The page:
(Adds more comment, background)
By Nina Chestney
LONDON, April 19 The British government will
flag "decisive action" on rising energy bills when it publishes
its response to an investigation by the country's competition
watchdog into the retail energy market, energy minister Greg
Clark said on Wednesday.
The government will publish the response to the Competition
and Markets Authority (CMA) investigation "very shortly", Clark,
secretary of state for business, energy and industrial strategy,
told a parliamentary committee.
But the announcement on Tuesday of a general election in
June could mean the response is not finalised before the
government enters its pre-election "purdah" period, when it
cannot announce significant legislative changes and initiatives.
"It's one of those categories that when you have an election
called, there are a number of things in the final stages of
preparation that you need to reflect on whether they can be
finalised in time," Clark said.
The government has said it will release a policy discussion
'green paper' on competition in consumer markets this spring, in
which measures to address rising retail energy bills are
"Given that the government goes into Purdah next Thursday,
any announcement would need to be made in the coming days,"
analysts at investment bank Jefferies said in a note.
Several energy companies have announced increases in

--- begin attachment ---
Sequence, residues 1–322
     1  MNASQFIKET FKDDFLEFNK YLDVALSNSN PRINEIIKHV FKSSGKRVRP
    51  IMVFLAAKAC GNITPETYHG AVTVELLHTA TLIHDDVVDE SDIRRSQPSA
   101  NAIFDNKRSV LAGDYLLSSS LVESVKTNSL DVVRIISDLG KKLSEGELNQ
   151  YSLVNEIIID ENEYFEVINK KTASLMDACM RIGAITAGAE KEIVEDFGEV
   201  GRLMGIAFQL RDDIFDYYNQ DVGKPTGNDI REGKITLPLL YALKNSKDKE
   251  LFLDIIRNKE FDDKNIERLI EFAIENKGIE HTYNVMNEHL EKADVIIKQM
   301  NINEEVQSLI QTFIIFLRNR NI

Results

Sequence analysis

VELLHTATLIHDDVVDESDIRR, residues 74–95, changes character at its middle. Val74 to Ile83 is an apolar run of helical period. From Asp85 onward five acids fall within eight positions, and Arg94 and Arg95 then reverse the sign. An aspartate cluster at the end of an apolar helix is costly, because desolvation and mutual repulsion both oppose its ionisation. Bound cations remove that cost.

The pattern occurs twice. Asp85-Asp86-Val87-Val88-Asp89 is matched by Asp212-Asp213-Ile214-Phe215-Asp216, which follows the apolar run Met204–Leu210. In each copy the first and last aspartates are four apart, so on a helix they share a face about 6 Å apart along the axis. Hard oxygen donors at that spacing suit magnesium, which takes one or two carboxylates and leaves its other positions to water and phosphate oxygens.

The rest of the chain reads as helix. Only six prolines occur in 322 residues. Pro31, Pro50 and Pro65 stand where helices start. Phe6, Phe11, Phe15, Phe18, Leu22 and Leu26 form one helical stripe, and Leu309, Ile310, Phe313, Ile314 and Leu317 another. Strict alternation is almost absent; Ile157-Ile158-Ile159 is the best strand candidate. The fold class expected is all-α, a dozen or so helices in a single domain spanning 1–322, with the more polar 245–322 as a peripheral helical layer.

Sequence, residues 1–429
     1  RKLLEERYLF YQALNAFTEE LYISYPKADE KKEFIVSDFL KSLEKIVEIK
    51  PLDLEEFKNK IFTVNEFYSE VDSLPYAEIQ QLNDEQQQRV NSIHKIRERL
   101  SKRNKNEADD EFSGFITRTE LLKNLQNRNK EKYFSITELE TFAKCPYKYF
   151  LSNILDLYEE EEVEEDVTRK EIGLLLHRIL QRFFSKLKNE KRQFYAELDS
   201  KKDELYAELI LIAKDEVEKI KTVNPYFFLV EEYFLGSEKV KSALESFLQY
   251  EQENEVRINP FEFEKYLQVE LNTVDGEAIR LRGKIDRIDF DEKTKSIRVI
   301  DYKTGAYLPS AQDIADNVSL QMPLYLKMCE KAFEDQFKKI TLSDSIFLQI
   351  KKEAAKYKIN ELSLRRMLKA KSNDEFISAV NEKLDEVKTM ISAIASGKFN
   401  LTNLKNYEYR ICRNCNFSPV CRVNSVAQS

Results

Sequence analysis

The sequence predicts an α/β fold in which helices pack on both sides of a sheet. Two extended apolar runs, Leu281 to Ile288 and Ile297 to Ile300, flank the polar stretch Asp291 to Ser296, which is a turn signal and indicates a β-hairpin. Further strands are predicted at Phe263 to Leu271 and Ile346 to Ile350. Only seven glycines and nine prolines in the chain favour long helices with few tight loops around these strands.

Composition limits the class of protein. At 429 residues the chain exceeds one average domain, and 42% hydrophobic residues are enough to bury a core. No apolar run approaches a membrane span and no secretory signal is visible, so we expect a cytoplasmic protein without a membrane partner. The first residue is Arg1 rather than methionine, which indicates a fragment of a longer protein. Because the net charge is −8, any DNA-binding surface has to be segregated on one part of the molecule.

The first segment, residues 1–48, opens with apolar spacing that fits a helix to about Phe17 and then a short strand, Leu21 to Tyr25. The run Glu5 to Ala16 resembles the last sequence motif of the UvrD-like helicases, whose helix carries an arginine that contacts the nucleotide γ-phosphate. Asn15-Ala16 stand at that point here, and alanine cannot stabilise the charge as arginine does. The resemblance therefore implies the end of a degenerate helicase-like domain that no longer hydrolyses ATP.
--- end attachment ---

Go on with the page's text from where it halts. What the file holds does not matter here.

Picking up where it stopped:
dual-fuel (gas and electricity) annual energy bills over the
past six months, which has prompted renewed calls for reform of
the UK retail energy market.
A two-year inquiry by the CMA into the market, which
concluded last year, stopped short of imposing a widespread
price cap, instead proposing a price cap on pre-payment meters,
used by poorer households, among other measures.
In February, Britain's energy market regulator Ofgem said it
had the power to cap energy price tariffs but the decision was a
matter for the government.
"The response you will see will be muscular and strong and
apply to all companies who are disadvantaging consumers in this
way," Clark said.
Many energy firms have said the price rises are due to
wholesale price increases and the cost of delivering on
government low-carbon policies.
However, Clark said their explanations had not dissuaded him
from the action the government will take.
"I don't want to preempt what our response will be ... but
the government intends to act on what is a flagrant mistreatment
of customers," he said.
(Reporting by Nina Chestney; Editing by Susan Fenton and Mark